Future Frames 2017 Review: Schoolyard Blues

The trials and tribulations of growing up are a well-worn subject for cinematic depiction. Whether it be the travails of Antoine Doniel in The 400 Blows or Richard Linklater’s epic Boyhood, “Growing up is so very hard to do,” to spin the lyrics of Neil Sedaka’s classic song. Swedish director Maria Eriksson gives the genre a breath of fresh air in her often heartbreaking Schoolyard Blues.

It is John’s first day of school. His 11-year-old brother Mika turns up to help his younger sibling negotiate this most important of days. It soon becomes clear that John and Mika have been split apart and Mika should not be hanging around with his brother. But Mika is determined to impart the important advice that John will need to survive. As he lectures John about bullying, the importance of having a shower and everything else important for a young boy, Mika fulfils a father figure role. But as John heads to the classroom it becomes apparent that this may be only a fleeting encounter between the two.

Eriksson juxtaposes the freedom that is meant to typify childhood with the enforced role of father figure that John finds himself in. It keeps exposition to the background – the reason that John and Mika have been split apart is only hinted at – and instead focuses on immediacy and the childhood urge to keep moving forward without thinking about the past. As they traipse through sun drenched forests, there is hint of the idyllic life that children deserve to live. But this is only brief as Mika is still forced to take on an elder role for the good of his brother.

Yet for all Mika’s attempts to be the ‘grown man’ there are glimpses of the carefree child he wishes to be (and the role he wants his younger brother to fulfil). A final gesture of giving his brother recorded messages full of useful information is both achingly sensible yet gloriously youthful in its outlook. But his final words to John seem to indicate that he knows his childhood is over and it only his younger brother who has the chance of any redemption. As sad as John and Mika’s final moment are, the film ends on a moment of hope as John behaves naively at his new class. Rather than a cause for embarrassment this naivety suggests that John still may be able to live life as a child - at least a little bit longer.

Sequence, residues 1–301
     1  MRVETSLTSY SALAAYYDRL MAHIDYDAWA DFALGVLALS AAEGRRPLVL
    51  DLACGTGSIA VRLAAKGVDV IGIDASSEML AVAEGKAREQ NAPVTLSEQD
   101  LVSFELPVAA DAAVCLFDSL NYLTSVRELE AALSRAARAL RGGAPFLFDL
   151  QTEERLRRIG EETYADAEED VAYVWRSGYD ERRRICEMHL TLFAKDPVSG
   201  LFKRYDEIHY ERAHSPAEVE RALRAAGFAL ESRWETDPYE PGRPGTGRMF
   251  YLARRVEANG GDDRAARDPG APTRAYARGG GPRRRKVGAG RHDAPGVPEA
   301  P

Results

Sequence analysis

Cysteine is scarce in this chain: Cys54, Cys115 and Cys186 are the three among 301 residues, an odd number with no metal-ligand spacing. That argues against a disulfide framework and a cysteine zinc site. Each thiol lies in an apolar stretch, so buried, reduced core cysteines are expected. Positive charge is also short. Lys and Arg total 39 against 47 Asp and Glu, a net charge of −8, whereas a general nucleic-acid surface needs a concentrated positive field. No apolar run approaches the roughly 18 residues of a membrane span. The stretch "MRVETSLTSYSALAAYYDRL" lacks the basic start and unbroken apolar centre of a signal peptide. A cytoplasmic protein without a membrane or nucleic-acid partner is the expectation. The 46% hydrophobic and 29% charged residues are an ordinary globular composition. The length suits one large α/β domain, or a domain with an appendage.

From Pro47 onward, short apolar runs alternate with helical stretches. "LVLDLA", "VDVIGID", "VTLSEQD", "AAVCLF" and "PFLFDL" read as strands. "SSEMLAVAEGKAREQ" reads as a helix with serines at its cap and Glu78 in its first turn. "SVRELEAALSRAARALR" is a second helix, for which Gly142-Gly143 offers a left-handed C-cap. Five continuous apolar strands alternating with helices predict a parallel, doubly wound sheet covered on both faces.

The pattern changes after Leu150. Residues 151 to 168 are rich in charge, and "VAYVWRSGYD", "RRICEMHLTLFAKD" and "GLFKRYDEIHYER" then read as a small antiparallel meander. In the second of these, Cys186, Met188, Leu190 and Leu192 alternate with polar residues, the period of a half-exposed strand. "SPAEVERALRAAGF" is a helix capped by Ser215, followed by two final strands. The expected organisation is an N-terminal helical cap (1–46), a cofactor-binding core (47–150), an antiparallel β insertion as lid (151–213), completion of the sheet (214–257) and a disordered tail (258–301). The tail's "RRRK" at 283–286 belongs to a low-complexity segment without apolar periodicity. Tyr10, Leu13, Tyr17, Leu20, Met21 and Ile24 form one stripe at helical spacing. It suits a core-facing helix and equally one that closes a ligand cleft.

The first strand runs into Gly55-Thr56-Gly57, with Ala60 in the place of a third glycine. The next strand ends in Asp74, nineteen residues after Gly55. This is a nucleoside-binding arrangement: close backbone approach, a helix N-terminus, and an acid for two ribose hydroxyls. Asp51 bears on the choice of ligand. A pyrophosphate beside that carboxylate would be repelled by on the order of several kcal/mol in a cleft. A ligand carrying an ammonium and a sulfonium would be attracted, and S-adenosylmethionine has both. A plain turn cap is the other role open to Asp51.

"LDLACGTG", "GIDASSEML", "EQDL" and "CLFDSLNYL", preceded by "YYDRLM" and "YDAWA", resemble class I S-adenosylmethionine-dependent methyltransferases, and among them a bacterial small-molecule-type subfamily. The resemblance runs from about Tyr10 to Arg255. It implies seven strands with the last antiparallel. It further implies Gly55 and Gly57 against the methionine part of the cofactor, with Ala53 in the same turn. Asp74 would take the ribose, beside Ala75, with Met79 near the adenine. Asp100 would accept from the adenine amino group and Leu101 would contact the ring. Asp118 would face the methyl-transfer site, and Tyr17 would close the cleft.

The performances from Douglas Steyner and Olle Frelin in the lead roles, both unselfconscious and fizzing with energy. Eriksson deserves much praise for helping to elicit said performances which give the film much of its emotional punch. The cinematography from Erik Molberg Hansen also deserves kudos as the film shifts from claustrophobic  interiors to the freedom offered by the outside world.

Schoolyard Blues will have it’s European Premiere as part European Film Promotion’s Future Frames at Karlovy Vary. It looks certain to be a festival hit whilst Eriksson’s future projects – which may also involve young children – will be eagerly awaited.

You can read an interview with Maria Eriksson HERE

Film Information

Original Title:  Skolstartssorg

English Title: Schoolyard Blues

Director: Maria Eriksson

Country: Sweden

Year: 2016

Run Time: 17 mins

Contact: Swedish Film Institute, uof@sfi.se

02 July 2017, by Laurence Boyce